If you ever make it to Lindsborg, you have to stop at the Hands of Time. It is worth the visit!
just outside of lindsborg
At the winery store, we were given some brochures of the local attractions. Although we did not have time to see them all, we chose two that we thought we would really enjoy. One was just outside of town, just over the county line.
We drove by field after field of stubble from the recent wheat harvest. They have their own golden beauty, don’t they?
We were on our way to Coronado Heights which is a landmark in the Smoky Hill River valley, and is listed on the National and Kansas Registries of Historic Places. It was also voted as one of the 8 Wonders of Kansas Geography by members of the Kansas Sampler Foundation.
A brochure on the landmark reads:
The Swedish pioneers originally settled at the base of the bluff (on which Coronado Heights sits), but eventually moved the community to the floor of the valley. Anna Olsson, daughter of one of Lindborg’s founders, Rev. Olof Olsson, wrote in her memoir “Child of the Prairie” that looking from the top of the Heights, when homesick, one imagined seeing all the way to Sweden.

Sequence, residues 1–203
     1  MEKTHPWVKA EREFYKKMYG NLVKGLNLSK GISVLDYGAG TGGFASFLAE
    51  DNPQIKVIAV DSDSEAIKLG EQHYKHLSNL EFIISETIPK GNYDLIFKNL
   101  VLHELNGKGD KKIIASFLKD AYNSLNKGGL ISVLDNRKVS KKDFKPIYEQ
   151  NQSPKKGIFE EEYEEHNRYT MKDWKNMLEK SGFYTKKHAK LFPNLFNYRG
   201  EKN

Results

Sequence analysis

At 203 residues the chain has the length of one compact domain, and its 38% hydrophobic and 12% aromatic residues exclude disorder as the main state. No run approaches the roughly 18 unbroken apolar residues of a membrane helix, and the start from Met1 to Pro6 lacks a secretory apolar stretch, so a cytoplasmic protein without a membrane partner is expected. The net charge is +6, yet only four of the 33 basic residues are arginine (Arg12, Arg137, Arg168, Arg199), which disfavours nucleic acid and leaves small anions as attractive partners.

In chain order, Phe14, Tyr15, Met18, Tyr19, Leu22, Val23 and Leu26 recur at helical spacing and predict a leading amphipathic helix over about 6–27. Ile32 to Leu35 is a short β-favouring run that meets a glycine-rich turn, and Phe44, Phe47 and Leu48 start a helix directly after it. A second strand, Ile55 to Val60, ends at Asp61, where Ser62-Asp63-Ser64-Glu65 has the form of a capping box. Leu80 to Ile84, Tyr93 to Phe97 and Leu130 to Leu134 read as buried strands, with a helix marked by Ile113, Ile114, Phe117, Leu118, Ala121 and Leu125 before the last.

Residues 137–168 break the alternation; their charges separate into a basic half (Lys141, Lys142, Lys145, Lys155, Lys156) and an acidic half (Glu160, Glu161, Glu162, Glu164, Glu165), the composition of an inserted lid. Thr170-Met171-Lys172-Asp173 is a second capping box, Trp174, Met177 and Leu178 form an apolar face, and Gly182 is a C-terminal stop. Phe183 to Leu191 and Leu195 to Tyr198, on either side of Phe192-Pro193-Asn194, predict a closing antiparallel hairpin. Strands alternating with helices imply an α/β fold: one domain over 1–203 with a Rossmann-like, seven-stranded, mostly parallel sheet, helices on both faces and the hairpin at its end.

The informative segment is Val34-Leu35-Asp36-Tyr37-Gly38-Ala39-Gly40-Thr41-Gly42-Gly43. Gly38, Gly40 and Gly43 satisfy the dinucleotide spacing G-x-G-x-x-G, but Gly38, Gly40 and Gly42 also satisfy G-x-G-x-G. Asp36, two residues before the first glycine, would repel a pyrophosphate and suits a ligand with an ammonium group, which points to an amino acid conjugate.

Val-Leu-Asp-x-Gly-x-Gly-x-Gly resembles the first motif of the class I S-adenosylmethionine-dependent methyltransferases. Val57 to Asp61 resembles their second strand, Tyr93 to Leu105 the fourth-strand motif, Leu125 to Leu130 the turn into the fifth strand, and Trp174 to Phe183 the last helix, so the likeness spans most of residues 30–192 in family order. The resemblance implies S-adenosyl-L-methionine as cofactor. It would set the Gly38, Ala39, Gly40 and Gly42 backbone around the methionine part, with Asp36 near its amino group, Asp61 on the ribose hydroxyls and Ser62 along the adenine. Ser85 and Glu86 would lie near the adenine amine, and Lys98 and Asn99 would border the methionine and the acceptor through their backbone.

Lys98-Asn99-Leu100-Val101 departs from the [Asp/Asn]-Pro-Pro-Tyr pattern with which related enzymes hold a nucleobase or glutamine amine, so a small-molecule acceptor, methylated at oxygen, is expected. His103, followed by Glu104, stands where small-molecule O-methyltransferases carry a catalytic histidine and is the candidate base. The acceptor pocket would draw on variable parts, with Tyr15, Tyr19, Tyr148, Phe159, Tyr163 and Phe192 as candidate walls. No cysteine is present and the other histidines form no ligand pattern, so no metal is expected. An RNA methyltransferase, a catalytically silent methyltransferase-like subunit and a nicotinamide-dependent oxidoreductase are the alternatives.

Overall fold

Legend has it the summit is where Francisco Vásquez de Coronado surveyed the rich valley before he abandoned his search for the legendary Land of Quivera and its seven cities of gold.
In 1936, the Lindborg Historical Society built this castle at the top of the Heights, along with cooking and picnic areas, to allow visitors to enjoy the historical area.
It’s a stunning place, with beautiful views of the farmlands that stretch for miles to the horizons.
We left Coronado Heights to find Bethany College.
Bethany College is a small liberal arts college located in Lindsborg and is affiliated with the Evangelical Lutheran Church in America. It is also the college where Birger Sandzén, a famous Swedish artist, educator and promoter of the arts and humanities taught.